Today, "Romney's got four more years of being pro-life, and four more years of campaigning under his belt," said Richard Land, a prominent social conservative, who doesn't see religion as a "deal killer."

But Romney's role in forging a Massachusetts healthcare plan could be. The law requires virtually everyone in the state to have medical insurance, a government mandate that served as a model for the law Obama and the Democrats enacted last year. Repealing or outlawing "Obamacare" is a priority for Republicans and for Romney, who criticizes it on states-rights grounds, even as he defends the Massachusetts law as a success.

"His biggest problem isn't Mormonism," said Land, president of the public policy arm of the Southern Baptist Convention, the nation's largest evangelical denomination. "It's 'Romneycare,' because evangelicals are implacably opposed to 'Obamacare.' They loathe and detest it."

National polling puts Romney at the head of the Republican field, historically the best place to be in a party that values hierarchy and normally promotes the next man in line. And he has assembled the most extensive fundraising network of any Republican candidate and has seasoned advisors at his side.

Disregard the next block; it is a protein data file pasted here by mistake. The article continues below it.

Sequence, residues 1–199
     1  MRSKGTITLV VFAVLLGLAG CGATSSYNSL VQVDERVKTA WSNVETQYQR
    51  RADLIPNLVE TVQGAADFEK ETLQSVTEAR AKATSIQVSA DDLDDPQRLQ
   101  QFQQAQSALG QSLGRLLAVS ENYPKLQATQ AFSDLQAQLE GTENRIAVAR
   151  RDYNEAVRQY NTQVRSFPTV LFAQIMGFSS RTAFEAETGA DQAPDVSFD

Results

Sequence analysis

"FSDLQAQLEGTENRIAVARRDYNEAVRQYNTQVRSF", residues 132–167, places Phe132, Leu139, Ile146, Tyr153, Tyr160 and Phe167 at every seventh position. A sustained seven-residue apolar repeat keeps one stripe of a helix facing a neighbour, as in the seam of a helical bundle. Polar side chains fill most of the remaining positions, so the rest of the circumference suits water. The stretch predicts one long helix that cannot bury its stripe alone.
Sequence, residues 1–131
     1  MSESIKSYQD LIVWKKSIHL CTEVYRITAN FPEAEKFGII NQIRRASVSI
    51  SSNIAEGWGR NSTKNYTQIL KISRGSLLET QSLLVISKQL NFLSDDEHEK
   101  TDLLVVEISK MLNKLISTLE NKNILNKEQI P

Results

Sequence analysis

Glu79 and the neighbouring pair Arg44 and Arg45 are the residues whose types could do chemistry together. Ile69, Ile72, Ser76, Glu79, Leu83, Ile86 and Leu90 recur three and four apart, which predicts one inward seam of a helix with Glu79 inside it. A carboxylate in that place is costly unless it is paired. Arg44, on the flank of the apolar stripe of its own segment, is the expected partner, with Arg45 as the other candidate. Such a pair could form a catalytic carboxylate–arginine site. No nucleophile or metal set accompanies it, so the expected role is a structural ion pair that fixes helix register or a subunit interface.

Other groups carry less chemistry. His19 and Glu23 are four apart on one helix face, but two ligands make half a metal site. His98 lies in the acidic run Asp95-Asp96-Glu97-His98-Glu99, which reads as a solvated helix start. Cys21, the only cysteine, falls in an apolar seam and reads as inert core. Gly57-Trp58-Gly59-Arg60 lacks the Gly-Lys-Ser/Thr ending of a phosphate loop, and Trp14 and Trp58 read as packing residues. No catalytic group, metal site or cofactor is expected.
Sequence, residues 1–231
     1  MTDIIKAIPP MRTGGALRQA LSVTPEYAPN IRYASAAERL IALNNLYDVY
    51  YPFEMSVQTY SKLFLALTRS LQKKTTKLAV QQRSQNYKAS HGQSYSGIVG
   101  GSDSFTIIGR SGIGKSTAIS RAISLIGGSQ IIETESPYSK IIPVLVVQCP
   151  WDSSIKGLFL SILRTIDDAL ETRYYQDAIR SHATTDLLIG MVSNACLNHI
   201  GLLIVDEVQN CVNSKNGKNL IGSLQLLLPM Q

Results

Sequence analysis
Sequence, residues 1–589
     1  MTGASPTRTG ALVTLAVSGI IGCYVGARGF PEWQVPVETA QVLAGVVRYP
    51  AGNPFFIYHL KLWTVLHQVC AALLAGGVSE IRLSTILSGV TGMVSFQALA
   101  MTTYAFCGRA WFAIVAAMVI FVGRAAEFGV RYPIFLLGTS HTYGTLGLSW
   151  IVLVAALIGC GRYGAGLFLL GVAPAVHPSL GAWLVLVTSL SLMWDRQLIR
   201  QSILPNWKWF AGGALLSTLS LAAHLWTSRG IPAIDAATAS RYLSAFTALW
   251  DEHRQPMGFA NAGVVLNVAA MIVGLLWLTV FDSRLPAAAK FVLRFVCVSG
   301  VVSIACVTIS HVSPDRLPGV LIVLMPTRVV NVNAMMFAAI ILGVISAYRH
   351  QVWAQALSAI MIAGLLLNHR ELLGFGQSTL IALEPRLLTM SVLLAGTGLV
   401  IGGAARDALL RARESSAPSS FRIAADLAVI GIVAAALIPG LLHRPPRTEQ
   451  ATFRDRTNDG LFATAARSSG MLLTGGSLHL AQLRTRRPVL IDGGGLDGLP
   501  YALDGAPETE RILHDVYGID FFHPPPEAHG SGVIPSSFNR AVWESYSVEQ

But Romney hasn't inherited the mantle the way a sitting vice president or Senate leader would, and his skills as a candidate remain suspect. The Gallup organization, in a recent analysis, called him "arguably the weakest front-runner in any recent Republican nomination campaign."

After being criticized as mechanical and scripted in 2008, he has sought to connect with voters emotionally. But his recent use of a PowerPoint slide presentation to defend his healthcare plan was criticized as a sign that he hasn't yet figured out how to bond.

Rival campaign strategists credit Romney and his advisors for staying in touch with supporters and party politicians since the last campaign. They praise his disciplined approach, which has included almost no interviews with print publications and infrequent public events — all designed to limit mistakes and give critics fewer opportunities to point out his shortcomings.

"He is somebody who will have a lot of resources and will be competitive for a long time because of the money he has," said David Carney, a GOP consultant who advises rival contender Newt Gingrich and potential candidate Rick Perry, the Texas governor. "When voters are paying more attention this fall, that's when Romney will engage. They're doing a very good front-runner strategy."

The richest man in the 2012 race, with personal wealth measured in the hundreds of millions of dollars, Romney has already banked millions in campaign donations for what could be a prolonged nomination fight and, if successful, a challenge to an incumbent president expected to raise as much as $1 billion.

Accompanied by only two traveling aides, Romney flew commercial to Iowa for a recent campaign swing. There, he boasted that his announcement ceremony, a chili cookout on a New Hampshire farm, wouldn't be followed by a five-state fly-around in a chartered jet, like the last one was.

"These are lean times for a lot of Americans," Romney said, "and if you want to run a smart campaign, I think you have to be lean as well."

paul.west@latimes.com